Or, if you have a bunch of money left over in a traditional IRA or 401(k), you can put it in a taxable account,” says Mr. Connelly.
Factors to consider before beginning to work for retirement
The longer you’re in the workforce, the less chance you have of having enough money saved for retirement. “If you’re in the workforce and are 40 or 50, you have a really good shot of being able to retire with a plan,” says Ms. Scowcroft.
She’s referring to her benchmark question: Do you have enough money in your company retirement account, IRA, or another employer-sponsored account such as a 403(b) or 457(b)?
If your answer is no, it’s time to get serious about planning for retirement. “It’s not just that you need money saved for retirement. You need to make the time and the effort to start saving and to save more,” she says.
Ms. Scowcroft recommends building an emergency fund first. “If your household doesn’t have enough money set aside for an unexpected bill, you’re living above your means,” she says.
Next, make sure you have money set aside for expenses such as long-term care, health care, and retirement. Make these decisions early enough to take advantage of the benefits that are available, such as spousal coverage and various tax breaks.
Once you have an emergency and other short-term expenses covered, you’ll have time to invest in a retirement plan.
If you’re young enough to do this while you’re in the workforce, you’ll have a chance to put away a large portion of your income for retirement, says Ms. Scowcroft.
If you’re older, you can contribute to a Roth IRA, which is a retirement account with income tax benefits, as well as the ability to make regular tax-free withdrawals in retirement.
If you’re lucky, you’ll have a little extra income from Social Security to live on. Plan to make an even larger amount of money once you retire. “You can live off 70% to 80% of your previous income,” says Ms. Scowcroft. “That’s what’s really exciting.”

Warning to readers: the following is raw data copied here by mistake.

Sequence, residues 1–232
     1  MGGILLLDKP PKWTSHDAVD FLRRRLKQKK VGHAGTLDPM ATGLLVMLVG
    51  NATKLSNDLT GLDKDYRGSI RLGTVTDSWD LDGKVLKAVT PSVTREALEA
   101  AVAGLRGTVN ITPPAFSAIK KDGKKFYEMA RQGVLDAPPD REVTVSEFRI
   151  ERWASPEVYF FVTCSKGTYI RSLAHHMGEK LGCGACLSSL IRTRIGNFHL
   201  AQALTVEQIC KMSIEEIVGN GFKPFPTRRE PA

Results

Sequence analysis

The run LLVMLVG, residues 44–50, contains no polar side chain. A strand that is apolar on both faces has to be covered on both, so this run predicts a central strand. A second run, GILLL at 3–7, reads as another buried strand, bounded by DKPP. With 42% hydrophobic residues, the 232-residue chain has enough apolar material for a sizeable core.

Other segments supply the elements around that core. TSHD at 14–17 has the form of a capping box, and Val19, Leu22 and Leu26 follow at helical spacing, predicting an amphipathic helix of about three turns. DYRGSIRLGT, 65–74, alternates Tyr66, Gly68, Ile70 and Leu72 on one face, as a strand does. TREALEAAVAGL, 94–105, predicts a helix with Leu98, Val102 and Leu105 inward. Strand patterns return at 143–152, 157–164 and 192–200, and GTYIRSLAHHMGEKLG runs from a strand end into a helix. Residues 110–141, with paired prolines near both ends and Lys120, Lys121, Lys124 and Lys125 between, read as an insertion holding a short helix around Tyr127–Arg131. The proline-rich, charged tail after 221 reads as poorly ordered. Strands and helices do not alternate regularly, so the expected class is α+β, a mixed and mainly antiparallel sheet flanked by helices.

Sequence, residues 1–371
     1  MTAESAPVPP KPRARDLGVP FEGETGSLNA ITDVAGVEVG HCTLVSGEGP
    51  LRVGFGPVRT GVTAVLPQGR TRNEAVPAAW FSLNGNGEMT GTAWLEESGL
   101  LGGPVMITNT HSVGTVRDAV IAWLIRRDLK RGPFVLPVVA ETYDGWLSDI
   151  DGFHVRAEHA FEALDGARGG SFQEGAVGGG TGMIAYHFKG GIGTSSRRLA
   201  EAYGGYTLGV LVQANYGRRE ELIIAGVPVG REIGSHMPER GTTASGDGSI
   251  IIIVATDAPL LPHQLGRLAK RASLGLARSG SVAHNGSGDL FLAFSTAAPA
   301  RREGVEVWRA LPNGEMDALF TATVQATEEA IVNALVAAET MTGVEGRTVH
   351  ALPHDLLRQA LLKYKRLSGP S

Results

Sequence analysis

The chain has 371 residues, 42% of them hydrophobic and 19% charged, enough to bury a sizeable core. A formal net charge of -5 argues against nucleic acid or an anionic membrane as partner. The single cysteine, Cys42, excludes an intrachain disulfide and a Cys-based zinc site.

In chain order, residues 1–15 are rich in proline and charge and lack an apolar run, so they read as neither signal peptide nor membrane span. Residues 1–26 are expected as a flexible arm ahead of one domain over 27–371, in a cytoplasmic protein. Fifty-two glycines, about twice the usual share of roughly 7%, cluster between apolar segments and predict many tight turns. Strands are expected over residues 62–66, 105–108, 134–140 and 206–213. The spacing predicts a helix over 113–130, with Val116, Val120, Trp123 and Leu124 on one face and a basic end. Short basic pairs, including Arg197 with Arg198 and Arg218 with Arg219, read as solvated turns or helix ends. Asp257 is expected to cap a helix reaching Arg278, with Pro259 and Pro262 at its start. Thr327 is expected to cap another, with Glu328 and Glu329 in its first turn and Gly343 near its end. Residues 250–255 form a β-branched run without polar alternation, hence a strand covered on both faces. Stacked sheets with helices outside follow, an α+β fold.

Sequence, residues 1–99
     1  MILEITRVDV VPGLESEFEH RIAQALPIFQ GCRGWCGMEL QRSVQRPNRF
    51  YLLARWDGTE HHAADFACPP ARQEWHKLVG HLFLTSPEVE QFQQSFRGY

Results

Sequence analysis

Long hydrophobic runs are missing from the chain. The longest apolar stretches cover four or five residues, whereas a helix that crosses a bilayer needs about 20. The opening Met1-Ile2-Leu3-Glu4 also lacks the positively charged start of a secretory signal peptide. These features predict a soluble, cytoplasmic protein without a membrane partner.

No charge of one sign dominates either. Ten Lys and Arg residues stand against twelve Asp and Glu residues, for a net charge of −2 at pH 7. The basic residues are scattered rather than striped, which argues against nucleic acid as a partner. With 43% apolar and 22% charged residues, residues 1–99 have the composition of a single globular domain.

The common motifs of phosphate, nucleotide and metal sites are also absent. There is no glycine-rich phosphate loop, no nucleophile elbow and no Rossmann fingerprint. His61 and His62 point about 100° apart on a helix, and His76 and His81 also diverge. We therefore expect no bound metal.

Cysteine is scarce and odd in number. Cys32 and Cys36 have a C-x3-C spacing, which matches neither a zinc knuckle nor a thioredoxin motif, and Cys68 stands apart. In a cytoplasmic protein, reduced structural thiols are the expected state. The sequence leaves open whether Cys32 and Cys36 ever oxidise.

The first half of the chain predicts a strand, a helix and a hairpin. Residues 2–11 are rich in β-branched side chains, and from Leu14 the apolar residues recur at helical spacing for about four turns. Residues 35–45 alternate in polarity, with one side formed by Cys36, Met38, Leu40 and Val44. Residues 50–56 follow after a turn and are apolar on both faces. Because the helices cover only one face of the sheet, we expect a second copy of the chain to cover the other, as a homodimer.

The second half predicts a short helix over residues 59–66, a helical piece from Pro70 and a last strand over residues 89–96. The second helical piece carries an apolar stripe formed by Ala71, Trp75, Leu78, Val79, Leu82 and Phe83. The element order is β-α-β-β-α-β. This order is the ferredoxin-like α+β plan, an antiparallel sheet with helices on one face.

If you have a workplace retirement plan or a 401(k) plan that’s available to you, make sure you contribute enough to take advantage of the employer match. “That money will go further if you have it,” says Ms. Scowcroft.
Get more from your employer
One way to maximize the money in your retirement plan is to get more money from your employer. Ms. Scowcroft suggests you don’t “bank” retirement contributions. Instead, you should immediately invest those contributions into other investments or an IRA.
“Get your money out of your 401(k) plan before it has to do with paying you,” she says.
Make your own investment choices
“An adviser is going to tell you what to invest in and when to invest it,” says Ms. Scowcroft. That’s a better approach, according to her.
“You know yourself better than anyone else,” she says. “You know when you want to go on a vacation or buy a house, and it’s important to do it when you’re younger so you have more income coming in during your younger years,” she says.
The best time to make investment choices is now, as it will help you get a better return on your money.